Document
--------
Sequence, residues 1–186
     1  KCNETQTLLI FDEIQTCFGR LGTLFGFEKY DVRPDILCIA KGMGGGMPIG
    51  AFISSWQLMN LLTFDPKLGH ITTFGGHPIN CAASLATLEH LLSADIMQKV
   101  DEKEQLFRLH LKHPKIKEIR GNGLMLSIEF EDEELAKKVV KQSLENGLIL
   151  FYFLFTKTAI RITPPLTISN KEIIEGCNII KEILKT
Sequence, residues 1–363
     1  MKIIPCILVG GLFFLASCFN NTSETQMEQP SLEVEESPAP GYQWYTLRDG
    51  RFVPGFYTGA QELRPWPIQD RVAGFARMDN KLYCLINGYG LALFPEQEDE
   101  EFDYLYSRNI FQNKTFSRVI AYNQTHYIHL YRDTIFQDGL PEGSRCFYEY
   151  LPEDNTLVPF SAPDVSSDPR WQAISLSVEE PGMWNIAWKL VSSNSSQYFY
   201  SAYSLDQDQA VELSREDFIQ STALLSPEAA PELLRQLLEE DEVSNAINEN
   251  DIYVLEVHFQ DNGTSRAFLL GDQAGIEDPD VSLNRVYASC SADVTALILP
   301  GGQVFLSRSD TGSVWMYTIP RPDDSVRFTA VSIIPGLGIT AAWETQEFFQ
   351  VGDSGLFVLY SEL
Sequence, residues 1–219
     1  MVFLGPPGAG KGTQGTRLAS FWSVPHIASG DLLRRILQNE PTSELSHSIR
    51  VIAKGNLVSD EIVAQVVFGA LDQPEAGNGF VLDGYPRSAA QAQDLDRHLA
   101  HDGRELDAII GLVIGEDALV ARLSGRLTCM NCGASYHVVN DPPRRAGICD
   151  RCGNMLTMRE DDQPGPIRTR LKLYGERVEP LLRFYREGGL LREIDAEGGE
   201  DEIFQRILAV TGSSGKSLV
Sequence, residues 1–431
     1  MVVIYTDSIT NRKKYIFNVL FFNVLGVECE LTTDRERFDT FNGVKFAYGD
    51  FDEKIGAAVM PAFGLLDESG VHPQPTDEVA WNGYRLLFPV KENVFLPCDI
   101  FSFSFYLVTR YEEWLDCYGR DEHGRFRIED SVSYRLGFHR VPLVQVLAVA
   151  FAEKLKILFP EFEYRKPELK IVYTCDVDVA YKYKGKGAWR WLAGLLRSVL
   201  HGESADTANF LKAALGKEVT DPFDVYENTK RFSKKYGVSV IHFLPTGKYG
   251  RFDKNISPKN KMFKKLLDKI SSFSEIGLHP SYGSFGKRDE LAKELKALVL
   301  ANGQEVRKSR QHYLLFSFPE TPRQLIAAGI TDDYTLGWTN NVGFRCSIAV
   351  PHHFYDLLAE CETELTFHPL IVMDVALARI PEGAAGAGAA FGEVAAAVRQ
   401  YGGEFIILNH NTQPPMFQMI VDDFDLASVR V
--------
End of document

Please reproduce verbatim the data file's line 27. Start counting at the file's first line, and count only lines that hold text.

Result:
   251  RFDKNISPKN KMFKKLLDKI SSFSEIGLHP SYGSFGKRDE LAKELKALVL